Charles Bradlaugh (September 26, 1833 - January 30, 1891) was a political activist and one of the most famous English atheists of the 19th century.
He attained prominence in a number of liberal or radical political groups or societies, including the Reform League, Land Law Reformers, and Secularists. He was President of the London Secular Society from 1858. In 1860 he became editor of the [secularism|secularist] newspaper, the National Reformer, and in 1866 co-founded the National Secular Society, in which Annie Besant became his close associate. In 1868, the Reformer was prosecuted by the British Government for blasphemy and sedition. Bradlaugh was eventually acquitted on all charges, but fierce controversy continued both in the courts and in the press.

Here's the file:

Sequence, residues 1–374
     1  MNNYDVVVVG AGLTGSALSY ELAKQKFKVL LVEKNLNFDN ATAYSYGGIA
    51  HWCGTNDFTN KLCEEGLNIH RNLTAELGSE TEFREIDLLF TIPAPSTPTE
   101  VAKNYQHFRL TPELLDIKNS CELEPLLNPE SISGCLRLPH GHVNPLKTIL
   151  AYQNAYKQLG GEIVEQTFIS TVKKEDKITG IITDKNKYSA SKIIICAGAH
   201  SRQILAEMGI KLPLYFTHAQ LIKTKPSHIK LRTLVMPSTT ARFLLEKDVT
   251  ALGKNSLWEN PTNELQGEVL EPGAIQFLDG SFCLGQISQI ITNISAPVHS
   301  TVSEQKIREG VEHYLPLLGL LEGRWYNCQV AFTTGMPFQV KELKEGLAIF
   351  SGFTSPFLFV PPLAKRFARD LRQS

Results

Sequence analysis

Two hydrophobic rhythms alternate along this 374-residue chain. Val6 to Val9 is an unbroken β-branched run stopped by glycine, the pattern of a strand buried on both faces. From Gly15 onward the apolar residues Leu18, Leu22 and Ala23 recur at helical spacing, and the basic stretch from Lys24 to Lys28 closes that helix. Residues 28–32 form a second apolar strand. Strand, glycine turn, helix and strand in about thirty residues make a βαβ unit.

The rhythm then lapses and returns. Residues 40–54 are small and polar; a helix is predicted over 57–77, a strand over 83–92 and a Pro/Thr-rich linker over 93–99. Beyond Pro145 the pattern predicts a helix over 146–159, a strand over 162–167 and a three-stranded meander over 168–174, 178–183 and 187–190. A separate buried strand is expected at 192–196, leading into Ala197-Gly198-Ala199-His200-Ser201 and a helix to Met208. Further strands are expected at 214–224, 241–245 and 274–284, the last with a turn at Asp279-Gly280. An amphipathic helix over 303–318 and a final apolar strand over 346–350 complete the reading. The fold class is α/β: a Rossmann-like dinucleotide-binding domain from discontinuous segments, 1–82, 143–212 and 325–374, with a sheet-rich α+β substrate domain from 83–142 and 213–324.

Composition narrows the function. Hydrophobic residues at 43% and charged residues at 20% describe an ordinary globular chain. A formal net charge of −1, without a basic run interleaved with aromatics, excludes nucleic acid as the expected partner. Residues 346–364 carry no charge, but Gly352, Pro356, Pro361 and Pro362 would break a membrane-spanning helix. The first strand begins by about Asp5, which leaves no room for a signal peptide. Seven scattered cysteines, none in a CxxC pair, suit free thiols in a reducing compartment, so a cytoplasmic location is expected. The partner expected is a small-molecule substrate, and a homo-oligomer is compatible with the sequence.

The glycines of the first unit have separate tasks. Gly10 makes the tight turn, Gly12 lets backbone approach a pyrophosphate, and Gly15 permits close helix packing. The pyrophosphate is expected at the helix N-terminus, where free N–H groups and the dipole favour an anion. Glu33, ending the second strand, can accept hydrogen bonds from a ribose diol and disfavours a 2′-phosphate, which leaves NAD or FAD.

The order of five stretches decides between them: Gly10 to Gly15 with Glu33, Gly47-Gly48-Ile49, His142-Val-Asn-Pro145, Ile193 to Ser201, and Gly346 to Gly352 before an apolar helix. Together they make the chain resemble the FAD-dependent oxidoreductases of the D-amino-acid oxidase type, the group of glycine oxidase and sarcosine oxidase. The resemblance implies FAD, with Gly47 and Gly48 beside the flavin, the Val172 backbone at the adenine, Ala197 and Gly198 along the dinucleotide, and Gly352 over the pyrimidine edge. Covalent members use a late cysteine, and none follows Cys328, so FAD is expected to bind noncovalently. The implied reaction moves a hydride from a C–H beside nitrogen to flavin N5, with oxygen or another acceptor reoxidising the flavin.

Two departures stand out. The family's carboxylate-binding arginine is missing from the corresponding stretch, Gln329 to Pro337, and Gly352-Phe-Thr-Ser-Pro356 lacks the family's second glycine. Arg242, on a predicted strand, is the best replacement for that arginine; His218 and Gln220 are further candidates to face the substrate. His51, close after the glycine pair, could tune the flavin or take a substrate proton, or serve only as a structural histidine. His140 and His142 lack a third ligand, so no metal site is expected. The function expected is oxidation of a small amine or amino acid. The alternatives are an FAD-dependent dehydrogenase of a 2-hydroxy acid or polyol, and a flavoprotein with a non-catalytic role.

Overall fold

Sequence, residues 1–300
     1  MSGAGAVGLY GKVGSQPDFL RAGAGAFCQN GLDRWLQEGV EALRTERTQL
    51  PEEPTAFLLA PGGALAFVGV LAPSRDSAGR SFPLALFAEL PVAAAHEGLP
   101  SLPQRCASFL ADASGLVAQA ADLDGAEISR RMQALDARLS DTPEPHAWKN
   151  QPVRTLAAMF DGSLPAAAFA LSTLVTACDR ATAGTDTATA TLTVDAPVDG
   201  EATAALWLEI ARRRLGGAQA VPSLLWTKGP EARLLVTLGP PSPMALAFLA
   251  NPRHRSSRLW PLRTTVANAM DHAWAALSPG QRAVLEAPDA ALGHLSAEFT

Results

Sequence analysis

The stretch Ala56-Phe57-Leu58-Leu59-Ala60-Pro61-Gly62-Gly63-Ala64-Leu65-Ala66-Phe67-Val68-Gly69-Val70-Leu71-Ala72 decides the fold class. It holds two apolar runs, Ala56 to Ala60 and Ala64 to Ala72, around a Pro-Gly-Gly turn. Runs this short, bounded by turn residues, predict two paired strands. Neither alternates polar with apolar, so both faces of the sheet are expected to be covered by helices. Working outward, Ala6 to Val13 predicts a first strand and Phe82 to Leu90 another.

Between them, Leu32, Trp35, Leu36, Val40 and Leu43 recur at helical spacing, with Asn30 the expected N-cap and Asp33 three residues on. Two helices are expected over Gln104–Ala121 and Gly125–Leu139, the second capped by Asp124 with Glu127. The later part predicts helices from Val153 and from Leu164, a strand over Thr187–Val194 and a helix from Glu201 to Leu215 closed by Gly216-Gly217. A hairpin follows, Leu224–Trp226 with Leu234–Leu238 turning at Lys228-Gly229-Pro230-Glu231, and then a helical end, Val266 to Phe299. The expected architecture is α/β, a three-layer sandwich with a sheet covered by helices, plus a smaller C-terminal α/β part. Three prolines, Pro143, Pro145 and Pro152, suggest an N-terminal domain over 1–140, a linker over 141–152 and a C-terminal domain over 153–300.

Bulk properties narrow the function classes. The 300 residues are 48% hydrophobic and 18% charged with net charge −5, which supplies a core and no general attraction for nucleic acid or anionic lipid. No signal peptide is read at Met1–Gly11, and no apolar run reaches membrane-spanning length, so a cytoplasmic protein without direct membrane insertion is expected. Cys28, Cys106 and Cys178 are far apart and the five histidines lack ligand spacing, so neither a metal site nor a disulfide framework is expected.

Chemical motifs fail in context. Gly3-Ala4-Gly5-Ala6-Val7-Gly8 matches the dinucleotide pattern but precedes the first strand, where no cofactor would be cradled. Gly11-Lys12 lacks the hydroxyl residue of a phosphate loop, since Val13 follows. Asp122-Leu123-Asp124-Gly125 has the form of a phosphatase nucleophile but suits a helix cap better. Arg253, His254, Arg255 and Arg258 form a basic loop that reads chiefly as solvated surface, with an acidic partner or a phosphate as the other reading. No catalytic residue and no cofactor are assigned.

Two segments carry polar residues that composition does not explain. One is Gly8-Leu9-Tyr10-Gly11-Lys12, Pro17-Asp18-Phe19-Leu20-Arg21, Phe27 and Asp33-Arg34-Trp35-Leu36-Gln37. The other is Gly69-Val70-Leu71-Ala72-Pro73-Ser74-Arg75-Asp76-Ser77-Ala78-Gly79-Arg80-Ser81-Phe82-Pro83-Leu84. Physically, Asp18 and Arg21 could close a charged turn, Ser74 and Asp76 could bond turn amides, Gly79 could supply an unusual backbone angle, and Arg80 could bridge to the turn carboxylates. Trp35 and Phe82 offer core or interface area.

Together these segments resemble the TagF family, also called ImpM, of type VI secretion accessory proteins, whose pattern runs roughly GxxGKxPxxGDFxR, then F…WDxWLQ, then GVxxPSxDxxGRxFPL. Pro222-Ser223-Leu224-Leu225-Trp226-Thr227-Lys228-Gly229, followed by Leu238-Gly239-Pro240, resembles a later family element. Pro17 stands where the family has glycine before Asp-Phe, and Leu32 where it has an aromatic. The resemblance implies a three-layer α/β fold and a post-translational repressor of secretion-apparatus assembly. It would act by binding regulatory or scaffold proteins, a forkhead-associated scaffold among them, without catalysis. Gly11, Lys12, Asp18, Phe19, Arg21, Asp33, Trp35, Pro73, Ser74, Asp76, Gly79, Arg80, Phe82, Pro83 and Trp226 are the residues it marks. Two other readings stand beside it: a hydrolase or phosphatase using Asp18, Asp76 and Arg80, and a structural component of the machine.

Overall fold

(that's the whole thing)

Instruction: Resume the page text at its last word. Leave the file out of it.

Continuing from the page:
A decade later (1876), Bradlaugh and Besant decided to republish the American Charles Knowlton's pamphlet advocating birth control, The Fruits of Philosophy, or the Private Companion of Young Married People, whose previous British publisher had already been successfully prosecuted for obscenity. The two activists were both tried in 1877, and Charles Darwin refused to give evidence in their defence. They were sentenced to heavy fines and six months' imprisonment, but their conviction was overturned by the Court of Appeal on a legal technicality.
Bradlaugh's funeral was attended by 3,000 mourners, including Mahatma Gandhi.
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